• A) trismus
    • B) upper airway obstruction
    • C) dysphagia
    • D) Hemoptysis
    • E) Mononucleolus

Ans: A only, or A&C, or A&C&E, or D only

question5
Question?
  • A patient with a peritonsillar abscess usually has:
    • A) trismus
    • B) upper airway obstruction
    • C) dysphagia
    • D) Hemoptysis
    • E) Mononucleolus

Ans: A only, or A&C, or A&C&E, or D only

question6
Question?
  • The vessel most likely to cause significant bleeding following tracheostomy is:
    • Aorta/carotid
    • innominate
    • inferior thyroid
    • Internal jugular
    • Subclavian artery
question7
Question?
  • The vessel most likely to cause significant bleeding following tracheostomy is:
    • Aorta/carotid
    • innominate
    • inferior thyroid
    • Internal jugular
    • Subclavian artery
question8
Question?
  • Regarding tracheostomies, the following facts are true except:
    • tracheostomies are commonly indicated for long term ventilation or airway protection
    • swallowing problems are fairly common in patients with tracheostomies
    • an appropriately placed tracheostomy with its cuff inflated virtually eliminates the risk of aspiration
    • tracheostomies should be placed at the level of the second or third cartilaginous ring
    • a tracheo-innominate fistula may occur with tracheostomies placed too low in the trachea
question9
Question?
  • What is the most common cause of death in patients with tracheostomies.
    • Increased aspiration
    • Tube falling out
    • Bleeding
    • Tube becoming obstructed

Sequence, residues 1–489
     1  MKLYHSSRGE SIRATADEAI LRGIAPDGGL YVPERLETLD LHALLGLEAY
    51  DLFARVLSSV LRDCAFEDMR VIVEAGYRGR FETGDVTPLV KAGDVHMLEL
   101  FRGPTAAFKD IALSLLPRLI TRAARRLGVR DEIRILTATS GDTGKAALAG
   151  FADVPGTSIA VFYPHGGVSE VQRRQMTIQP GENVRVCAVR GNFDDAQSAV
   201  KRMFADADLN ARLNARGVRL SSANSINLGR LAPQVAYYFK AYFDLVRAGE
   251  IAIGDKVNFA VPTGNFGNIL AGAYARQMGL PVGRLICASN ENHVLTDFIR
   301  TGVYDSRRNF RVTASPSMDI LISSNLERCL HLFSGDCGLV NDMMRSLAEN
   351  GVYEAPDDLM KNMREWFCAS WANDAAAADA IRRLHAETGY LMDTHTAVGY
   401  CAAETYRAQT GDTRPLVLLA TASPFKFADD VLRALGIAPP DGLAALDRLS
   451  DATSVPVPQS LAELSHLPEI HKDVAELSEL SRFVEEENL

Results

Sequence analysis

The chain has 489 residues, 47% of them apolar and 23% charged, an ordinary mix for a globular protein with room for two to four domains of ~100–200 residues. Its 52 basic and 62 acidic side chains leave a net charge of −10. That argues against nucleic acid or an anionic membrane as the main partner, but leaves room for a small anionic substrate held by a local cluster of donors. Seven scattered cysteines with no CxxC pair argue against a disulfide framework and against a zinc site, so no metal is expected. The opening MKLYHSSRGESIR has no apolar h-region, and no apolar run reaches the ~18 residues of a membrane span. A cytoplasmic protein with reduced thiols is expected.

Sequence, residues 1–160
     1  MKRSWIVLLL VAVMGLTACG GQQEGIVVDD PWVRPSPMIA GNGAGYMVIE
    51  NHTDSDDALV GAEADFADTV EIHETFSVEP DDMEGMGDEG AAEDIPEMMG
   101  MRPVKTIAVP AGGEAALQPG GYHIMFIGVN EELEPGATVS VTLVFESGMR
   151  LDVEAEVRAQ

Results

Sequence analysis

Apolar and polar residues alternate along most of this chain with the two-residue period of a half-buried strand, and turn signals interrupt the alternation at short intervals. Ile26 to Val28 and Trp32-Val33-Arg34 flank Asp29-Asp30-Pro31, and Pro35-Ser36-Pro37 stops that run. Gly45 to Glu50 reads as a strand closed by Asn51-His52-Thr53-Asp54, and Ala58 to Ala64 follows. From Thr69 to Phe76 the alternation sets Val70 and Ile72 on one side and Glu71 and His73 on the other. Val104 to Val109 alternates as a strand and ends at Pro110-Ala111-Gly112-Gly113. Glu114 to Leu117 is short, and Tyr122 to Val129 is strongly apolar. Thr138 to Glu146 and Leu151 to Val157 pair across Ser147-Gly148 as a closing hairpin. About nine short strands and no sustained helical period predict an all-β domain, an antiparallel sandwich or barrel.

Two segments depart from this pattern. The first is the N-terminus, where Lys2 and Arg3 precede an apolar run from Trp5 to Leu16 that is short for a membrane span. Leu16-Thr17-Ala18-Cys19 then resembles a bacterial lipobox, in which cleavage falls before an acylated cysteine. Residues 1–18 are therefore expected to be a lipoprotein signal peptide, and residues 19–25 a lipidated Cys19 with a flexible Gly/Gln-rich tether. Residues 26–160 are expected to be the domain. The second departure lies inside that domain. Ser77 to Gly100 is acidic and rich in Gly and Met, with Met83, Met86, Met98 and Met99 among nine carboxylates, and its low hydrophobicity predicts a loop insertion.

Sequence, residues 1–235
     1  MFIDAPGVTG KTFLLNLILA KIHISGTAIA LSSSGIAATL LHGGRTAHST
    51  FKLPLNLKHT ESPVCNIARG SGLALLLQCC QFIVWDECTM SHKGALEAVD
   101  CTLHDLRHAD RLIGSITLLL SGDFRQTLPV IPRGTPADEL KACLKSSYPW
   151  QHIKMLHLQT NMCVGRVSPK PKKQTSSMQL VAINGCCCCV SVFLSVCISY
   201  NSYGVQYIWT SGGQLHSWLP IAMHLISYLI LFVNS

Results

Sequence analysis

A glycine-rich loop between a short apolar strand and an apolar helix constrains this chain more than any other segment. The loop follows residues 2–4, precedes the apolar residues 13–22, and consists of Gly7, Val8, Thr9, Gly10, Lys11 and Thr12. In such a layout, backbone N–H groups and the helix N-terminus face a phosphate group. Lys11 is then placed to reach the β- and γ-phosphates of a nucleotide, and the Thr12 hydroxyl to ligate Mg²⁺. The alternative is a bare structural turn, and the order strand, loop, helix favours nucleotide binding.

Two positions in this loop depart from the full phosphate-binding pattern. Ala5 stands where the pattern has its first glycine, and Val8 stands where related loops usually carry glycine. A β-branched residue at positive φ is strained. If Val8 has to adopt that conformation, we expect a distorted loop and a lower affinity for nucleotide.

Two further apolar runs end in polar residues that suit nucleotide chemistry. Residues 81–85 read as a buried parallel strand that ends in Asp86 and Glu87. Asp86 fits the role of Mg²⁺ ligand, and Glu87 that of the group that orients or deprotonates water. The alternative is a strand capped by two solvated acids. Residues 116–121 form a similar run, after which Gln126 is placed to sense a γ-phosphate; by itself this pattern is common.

• Infection
question10
Question?
  • What is the most common cause of death in patients with tracheostomies.
    • Increased aspiration
    • Tube falling out
    • Bleeding
    • Tube becoming obstructed
    • Infection
question11
Question?
  • To avoid the complications of tracheostomy: Which of the following are True?
    • a tracheostomy tube of appropriate size, length and curvature must be used
    • two tracheal rings must be removed
    • judicious suctioning to avoid aspiration of blood during the procedure
    • the skin must be closed tightly around the tracheostomy tube
question12
Question?
  • To avoid the complications of tracheostomy: Which of the following are True?
    • a tracheostomy tube of appropriate size, length and curvature must be used
    • two tracheal rings must be removed
    • judicious suctioning to avoid aspiration of blood during the procedure
    • the skin must be closed tightly around the tracheostomy tube
question13
Question?
  • In a patient requiring a cuffed tracheostomy tube for prolonged closed ventilation, tracheal injury can be best prevented by?
    • Frequent cuff deflation.
    • Use of a non-reactive cuff.
    • Use of an alternating double cuff tube.
    • Use of a wide cuff.
    • Use of a minimal cuff volume to effect adequate seal.
question14
Question?
  • In a patient requiring a cuffed tracheostomy tube for prolonged closed ventilation, tracheal injury can be best prevented by?
    • Frequent cuff deflation.
    • Use of a non-reactive cuff.
    • Use of an alternating double cuff tube.
    • Use of a wide cuff.
    • Use of a minimal cuff volume to effect adequate seal.